Ambient pH is a major determinant in the expression of cuticle-degrading enzymes and hydrophobin by Metarhizium anisopliae
Applied and Environmental Microbiology
Secretion of proteolytic and chitinolytic enzymes is a hallmark of infection processes of Metarhizium anisopliae in response to host (insect) cuticular signals. The regulation of these enzymes (subtilisin-like proteases [Pr1a and Pr1b], trypsin-like proteases [Pr2], metalloproteases, aspartyl proteases, aminopeptidase, and chitinases) and a hydrophobin was investigated by Northern analysis and/or enzyme assay. The production of each enzyme showed a differential expression pattern in response to ambient pH; enzymes were synthesized only at pHs at which they function effectively, irrespective of whether the medium contained an inductive cuticle substrate. Three aspartyl proteases (pH optimum, 3), and chitinase (pH optimum, 5) showed maximal accumulation at acidic pHs. The highest level of aminopeptidase (pH optimum, 7) was detected at pH 7. The highest levels of five metalloproteases (pH optima, ca. 7) were detected over the pH range 6 to 8. Two trypsins and several subtilisin-like Pr1 isoforms with pH optima of ca. 8 were produced only under alkaline conditions. Northern analysis of RNA species corresponding to seven cDNA sequences encoding proteases and chitinase confirmed that the ambient pH played a major role in gene expression of secreted proteins. Hydrophobin was expressed almost equally at pHs 5 and 8 but was not expressed at pH 3. During fungal penetration, the pH of infected cuticle rises from about 6.3 to 7.7. Consistent with pH regulation of enzyme production, serine and metalloproteases were produced in situ during infection, but no production of aspartyl proteases was found. We propose that the alkalinity of infected cuticle represents a physiological signal that triggers the production of virulence factors.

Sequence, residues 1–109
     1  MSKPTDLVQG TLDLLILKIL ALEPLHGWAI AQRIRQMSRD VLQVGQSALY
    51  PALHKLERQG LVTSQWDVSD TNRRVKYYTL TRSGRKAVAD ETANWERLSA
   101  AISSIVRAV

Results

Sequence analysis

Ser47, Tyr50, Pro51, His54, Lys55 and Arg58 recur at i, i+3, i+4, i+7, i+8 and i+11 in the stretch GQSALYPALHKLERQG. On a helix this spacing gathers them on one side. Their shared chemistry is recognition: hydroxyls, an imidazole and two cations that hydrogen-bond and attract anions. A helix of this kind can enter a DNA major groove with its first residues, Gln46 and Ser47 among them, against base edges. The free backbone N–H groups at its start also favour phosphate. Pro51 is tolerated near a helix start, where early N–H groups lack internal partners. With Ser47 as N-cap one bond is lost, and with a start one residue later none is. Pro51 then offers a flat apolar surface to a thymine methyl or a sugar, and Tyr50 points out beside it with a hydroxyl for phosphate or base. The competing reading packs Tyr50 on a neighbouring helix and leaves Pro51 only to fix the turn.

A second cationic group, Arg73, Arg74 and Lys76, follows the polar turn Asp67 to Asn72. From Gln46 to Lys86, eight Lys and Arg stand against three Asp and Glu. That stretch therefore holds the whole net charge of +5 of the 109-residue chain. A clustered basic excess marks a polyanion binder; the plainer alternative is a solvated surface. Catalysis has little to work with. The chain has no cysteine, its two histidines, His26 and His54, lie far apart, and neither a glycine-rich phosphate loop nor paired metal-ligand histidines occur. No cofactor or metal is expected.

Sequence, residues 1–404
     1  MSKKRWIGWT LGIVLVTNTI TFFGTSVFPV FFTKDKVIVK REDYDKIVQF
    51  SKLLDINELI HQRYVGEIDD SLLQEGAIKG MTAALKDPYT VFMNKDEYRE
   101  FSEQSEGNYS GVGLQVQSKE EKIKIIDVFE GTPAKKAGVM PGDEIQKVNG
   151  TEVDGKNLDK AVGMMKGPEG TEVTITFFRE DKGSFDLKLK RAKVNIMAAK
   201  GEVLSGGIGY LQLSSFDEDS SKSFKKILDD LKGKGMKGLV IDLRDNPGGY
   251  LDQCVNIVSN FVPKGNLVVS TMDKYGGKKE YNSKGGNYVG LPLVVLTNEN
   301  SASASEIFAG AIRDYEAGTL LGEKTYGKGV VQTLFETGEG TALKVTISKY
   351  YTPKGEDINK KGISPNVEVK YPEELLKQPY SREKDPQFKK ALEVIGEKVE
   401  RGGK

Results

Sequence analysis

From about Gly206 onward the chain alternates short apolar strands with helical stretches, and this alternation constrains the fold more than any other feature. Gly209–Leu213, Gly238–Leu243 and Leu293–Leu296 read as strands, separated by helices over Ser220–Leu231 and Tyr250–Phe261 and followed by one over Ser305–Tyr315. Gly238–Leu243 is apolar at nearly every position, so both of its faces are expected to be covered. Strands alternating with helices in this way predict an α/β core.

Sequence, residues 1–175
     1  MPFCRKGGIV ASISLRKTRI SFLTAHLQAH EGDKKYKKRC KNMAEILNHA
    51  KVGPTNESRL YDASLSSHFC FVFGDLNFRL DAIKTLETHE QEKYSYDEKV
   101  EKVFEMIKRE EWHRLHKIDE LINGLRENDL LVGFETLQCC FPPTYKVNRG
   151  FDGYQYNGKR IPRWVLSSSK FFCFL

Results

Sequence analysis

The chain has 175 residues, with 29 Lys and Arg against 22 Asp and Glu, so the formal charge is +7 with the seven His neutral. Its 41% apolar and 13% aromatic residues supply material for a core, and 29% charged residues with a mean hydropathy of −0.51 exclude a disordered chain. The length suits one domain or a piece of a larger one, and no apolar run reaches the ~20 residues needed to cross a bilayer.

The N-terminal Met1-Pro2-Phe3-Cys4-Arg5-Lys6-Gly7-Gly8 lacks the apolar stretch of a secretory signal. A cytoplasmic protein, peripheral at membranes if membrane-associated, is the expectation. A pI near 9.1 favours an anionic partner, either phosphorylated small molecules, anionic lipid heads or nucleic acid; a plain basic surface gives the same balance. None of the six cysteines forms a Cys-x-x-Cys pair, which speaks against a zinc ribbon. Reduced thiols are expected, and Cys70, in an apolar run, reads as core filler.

St. Leger, R.J., L. Joshi and D.W. Roberts. 1998. Ambient pH is a major determinant in the expression of cuticle-degrading enzymes and hydrophobin by Metarhizium anisopliae. Applied and Environmental Microbiology. 64: 709-713.